Prime Minister Ratas: Next goal of EU should be free movement of data

Prime Minister Jüri Ratas (Center) with President of the European Commission Jean-Claude Juncker.
Prime Minister Jüri Ratas (Center) with President of the European Commission Jean-Claude Juncker. Source: (Riigikantselei)

Ahead of the 60th anniversary of the Treaties of Rome, Prime Minister Jüri Ratas sent a letter to the Presidents of the European Council and European Commission and Prime Ministers of Malta and Italy emphasizing the need for the EU to remain united, determined and solidary.

"The four fundamental freedoms of Europen can truly function only when the continent is firmly united," Ratas noted in his letter to President of the European Commissin Jean-Claude Juncker, President of the European Council Donald Tusk, Italian Prime Minister Paolo Gentiloni and Maltese Prime Minister Joseph Muscat, according to a government press release. "This must be one of our main objectives. Striving toward a seamless physical and digital connectivity is in the interest of the whole EU as economic success cannot be separated from the free movement of goods, services, people, capital and knowledge."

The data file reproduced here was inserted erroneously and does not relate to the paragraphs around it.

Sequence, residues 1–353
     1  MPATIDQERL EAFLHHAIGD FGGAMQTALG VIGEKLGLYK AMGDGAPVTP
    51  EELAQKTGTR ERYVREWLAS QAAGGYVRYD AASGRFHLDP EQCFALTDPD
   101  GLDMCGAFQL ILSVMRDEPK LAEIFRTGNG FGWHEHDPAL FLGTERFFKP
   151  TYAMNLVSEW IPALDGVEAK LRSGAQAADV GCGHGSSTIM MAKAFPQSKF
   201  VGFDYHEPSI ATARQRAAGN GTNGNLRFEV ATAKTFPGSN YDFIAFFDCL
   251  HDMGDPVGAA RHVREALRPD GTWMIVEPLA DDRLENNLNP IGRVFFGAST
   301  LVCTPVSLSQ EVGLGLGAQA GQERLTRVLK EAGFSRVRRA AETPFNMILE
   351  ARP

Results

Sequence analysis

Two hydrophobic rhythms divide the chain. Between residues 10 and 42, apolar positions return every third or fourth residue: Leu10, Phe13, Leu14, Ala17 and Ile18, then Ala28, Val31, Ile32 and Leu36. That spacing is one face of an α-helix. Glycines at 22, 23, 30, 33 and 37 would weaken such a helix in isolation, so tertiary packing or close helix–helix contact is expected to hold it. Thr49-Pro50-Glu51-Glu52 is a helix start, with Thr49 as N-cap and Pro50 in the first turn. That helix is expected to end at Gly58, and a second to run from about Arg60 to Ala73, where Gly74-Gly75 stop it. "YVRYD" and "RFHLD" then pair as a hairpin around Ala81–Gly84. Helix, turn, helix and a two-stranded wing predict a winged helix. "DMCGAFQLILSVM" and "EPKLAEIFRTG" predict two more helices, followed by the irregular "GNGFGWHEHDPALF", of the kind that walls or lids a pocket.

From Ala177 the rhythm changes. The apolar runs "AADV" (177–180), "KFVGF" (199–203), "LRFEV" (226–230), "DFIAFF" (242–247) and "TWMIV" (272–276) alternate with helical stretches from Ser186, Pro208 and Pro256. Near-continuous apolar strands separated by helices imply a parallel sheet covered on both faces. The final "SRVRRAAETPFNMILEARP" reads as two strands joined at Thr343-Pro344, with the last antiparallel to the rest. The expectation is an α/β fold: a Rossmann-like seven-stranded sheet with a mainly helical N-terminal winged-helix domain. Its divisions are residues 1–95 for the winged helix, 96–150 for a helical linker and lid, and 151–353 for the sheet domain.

The prime minister believes that an internally integrated continent with no energy and transportation islands would allow member states of the EU to enjoy the full benefits of the common market and increase the security of its citizens. According to Ratas, one of the main challenges of the upcoming years would be the rapid development of technology and he found that the EU must take a leading role in managing major technological changes.

"What better way to celebrate 60 years since Rome than by adding another freedom to our catalogue that would enable a true information society — the free movement of data," Ratas suggested to the European leaders.

According to the Estonian prime minister, it is important that while facing many challenges, the EU continue to commit to defense and security. "The EU should set a numerical target on defense spending — 2 percent on GDP," he suggested. "Although in Rome we will focus on the future of the EU with 27 member states, we cannot neglect the war on the borders of the union, terrorism and the migration crisis."

He emphasized that Europe must also increase cooperation with its closest neighbors. "Peaceful, stable and prosperous neighbors are in the vital interests of Europe," he noted.

Ratas also stated that he deemed important bringing Europe closer to its citizens and one way of doing so would be to continue the tradition of meeting in the capitals of Europe, led by President of the European Council Donald Tusk, as has been done in Ypres, Bratislava, Malta and Rome.

Editor: Aili Vahtla

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